[Amps] monitoring tube seal temps

Jeff Blaine AC0C keepwalking188 at yahoo.com
Mon Jul 6 21:44:01 PDT 2009


I saw one of the Acom 2000 on the bench of a buddy once.  That thing has 
some sensors in the tube exhaust.  It scales up the fan speed based on the 
temp so the fan only runs at a speed as needed.  Now that's a nice 

I implemented a similar design using the single chip pwm using the Microchip 
TC649.  It's an 8-pin unit that bases the attached dc fan speed based on 
thermistors.  I used 5k thermistors, one above each tube, in parallel.  From 
the thermistors I ran through a pi-net to kill off any rf (probably 
unnecessary), and there is no modulation with rf exposure.  only the 
thermistors are exposed - the wire connecting the thermistors is shielded. 
Another nice feature is that the chip will sense a locked up fan and provide 
a error control signal.  So no separate airflow sensor is required.  In 
addition, there is a separate threshold input that can be used so that the 
fan will be turned off after cool down.  So the fan runs at a lower speed 
when the amp is on, speeds up based on the heat produced, and remains high 
even if the amp is turned off (and hot) - slowing down as the amp cools - 
and then when it reaches the threshold, realizing the power is off, the fan 
will cut out completely.  Lot of functionality and minimal additional glue 
parts needed to make it work.  The IC sells for about $3.  And DC fans with 
up to 300 cfm capacity are available - Pabst makes some very nice ones - 
reasonabley quiet at full speed - and silent at low speeds... 
Implementations for AC fans are provided in the spec sheet as well, if I 
remember correctly.


From: "Radio WC6W" <wc6w_amps at yahoo.com>
Sent: Monday, July 06, 2009 5:45 AM
To: <n1miw at cox.net>; <amps at contesting.com>
Subject: Re: [Amps] monitoring tube seal temps

> Hi Larry,
>  There are a couple manufacturers (names escape from my moldy old mind 
> this afternoon) making complete sensors, with lenses and signal 
> processing, in a transistor sized case covering up to 300 degrees C.  I 
> believe that they cost about $30 ea. in small quantity.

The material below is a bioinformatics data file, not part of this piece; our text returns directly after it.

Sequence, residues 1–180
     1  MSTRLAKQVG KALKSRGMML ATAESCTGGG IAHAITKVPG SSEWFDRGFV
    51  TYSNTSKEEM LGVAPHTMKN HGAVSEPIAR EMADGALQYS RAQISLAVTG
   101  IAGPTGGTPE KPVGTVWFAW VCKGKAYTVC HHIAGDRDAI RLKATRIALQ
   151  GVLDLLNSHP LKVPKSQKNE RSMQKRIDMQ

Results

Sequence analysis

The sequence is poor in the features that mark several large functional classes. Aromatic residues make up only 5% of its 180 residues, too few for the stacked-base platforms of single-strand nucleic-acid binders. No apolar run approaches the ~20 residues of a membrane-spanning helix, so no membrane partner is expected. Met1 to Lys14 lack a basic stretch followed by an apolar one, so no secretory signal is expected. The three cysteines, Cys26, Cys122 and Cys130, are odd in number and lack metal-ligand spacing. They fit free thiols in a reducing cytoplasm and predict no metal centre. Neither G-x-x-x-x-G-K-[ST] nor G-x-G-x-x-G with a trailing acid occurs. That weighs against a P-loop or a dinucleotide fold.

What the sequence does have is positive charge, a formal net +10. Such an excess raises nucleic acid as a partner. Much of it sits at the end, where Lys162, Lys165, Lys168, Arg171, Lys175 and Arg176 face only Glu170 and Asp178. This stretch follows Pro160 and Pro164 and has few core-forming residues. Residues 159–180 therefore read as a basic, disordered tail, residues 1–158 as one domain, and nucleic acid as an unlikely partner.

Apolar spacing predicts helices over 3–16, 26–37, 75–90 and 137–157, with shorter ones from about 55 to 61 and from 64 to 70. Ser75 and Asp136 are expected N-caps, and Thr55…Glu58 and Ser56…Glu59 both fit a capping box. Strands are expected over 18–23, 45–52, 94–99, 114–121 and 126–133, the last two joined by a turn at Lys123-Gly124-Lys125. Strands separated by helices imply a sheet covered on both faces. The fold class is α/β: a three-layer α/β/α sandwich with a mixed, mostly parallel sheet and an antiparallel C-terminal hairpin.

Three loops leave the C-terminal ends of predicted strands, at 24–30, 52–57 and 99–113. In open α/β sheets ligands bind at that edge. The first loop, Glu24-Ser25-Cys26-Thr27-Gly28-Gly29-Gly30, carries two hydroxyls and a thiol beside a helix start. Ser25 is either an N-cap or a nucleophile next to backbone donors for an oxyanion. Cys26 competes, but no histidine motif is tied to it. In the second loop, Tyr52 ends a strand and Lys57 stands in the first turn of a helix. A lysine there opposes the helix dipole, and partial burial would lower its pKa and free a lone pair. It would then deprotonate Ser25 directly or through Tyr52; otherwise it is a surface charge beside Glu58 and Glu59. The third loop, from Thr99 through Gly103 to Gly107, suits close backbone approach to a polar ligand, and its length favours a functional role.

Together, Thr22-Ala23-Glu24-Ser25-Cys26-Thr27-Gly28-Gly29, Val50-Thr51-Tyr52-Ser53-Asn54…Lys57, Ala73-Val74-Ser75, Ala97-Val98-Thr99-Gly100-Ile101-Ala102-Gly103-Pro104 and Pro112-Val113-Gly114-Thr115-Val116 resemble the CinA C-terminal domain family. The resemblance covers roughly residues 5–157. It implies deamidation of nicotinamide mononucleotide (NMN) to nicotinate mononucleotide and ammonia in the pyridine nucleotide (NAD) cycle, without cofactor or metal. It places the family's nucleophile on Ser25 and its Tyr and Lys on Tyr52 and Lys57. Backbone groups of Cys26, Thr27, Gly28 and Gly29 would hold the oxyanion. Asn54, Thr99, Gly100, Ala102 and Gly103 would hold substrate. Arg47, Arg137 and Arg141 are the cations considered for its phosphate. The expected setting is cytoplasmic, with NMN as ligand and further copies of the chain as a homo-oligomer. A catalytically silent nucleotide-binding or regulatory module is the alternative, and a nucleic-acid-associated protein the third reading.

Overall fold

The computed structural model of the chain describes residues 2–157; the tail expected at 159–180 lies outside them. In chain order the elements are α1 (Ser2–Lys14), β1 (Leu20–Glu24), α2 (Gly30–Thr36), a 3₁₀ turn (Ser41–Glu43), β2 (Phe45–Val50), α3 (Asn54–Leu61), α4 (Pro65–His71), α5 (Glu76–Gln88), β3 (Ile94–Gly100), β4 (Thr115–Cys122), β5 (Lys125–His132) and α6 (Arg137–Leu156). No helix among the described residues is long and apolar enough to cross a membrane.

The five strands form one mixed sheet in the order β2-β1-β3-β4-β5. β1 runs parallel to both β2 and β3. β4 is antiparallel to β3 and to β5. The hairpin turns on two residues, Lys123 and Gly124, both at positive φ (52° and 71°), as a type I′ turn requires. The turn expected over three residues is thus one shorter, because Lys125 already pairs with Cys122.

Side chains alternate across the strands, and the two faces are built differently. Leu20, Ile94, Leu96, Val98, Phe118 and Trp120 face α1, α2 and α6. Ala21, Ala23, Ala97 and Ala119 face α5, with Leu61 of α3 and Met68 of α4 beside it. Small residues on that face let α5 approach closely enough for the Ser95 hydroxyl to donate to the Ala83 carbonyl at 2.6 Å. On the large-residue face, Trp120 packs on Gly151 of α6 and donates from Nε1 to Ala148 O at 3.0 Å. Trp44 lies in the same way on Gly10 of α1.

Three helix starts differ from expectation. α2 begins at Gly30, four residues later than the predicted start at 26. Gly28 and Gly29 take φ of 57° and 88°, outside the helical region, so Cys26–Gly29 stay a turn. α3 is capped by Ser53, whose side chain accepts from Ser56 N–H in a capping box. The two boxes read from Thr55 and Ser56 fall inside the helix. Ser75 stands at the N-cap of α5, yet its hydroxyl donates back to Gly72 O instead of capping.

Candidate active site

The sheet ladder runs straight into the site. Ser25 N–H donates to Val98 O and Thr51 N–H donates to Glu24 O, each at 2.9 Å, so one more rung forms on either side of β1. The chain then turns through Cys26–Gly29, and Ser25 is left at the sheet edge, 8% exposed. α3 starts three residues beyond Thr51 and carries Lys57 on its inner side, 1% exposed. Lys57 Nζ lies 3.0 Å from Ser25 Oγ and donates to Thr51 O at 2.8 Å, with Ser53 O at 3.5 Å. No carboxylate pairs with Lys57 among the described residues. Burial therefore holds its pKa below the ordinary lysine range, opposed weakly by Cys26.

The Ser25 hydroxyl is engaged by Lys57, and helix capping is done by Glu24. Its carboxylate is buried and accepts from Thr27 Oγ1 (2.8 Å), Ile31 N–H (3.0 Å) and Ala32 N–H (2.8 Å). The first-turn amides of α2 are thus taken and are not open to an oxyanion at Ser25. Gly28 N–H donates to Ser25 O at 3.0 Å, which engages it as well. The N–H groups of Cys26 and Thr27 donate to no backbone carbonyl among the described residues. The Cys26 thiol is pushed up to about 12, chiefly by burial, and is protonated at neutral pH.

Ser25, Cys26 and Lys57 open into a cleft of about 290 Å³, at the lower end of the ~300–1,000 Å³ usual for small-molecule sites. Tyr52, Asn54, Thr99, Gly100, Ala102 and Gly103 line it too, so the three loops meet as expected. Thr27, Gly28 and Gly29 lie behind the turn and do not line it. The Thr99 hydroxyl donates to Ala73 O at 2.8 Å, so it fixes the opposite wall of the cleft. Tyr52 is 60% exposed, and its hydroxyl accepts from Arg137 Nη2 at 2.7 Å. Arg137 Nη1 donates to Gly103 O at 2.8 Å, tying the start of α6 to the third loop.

>  A homebrew version might be cobbled together by cutting the top off an 
> old germanium transistor, covering it with a piece of opaque trash can 
> plastic, and using a small mylar conical concentrator in lieu of a lens. 
> A temperature sensor IC, or a second transistor of the same type, could 
> provide the ambient reference.  A small PIC or other uP, with an integral 
> A/D converter & a PWM output, could process the somewhat nonlinear (4th 
> power function!) raw signals to drive a meter.  Calibrate it against a 
> mercury thermometer in the kitchen oven and viola!
>  The latter approach could share the processing circuitry with multiple 
> sensors, for multiple tubes, or multiple location sensing.
> 73 & Good afternoon,
>  Marv WC6W
> http://wc6w.50webs.com/
> --- On Sun, 7/5/09, Larry <n1miw at cox.net> wrote:
>> From: Larry <n1miw at cox.net>
>> Subject: [Amps] monitoring tube seal temps
>> To: Amps at contesting.com
>> Date: Sunday, July 5, 2009, 6:26 AM
>>  I've been following the RTTY vs.
>> tube seal temp thread with interest. It
>> was mentioned that you can use the crayon to monitor the
>> seals, but those
>> are one-time use. What about a circuit such as the one used
>> in the hand-held
>> temperature guns (IR, I believe?). Are there available
>> components out there
>> where we could make our own small-scale circuit to monitor
>> the tube temps?
>> Personally, I've only seen electronic temp sensors which
>> work up to around
>> 150 deg C. What do you think?  Larry N1MIW
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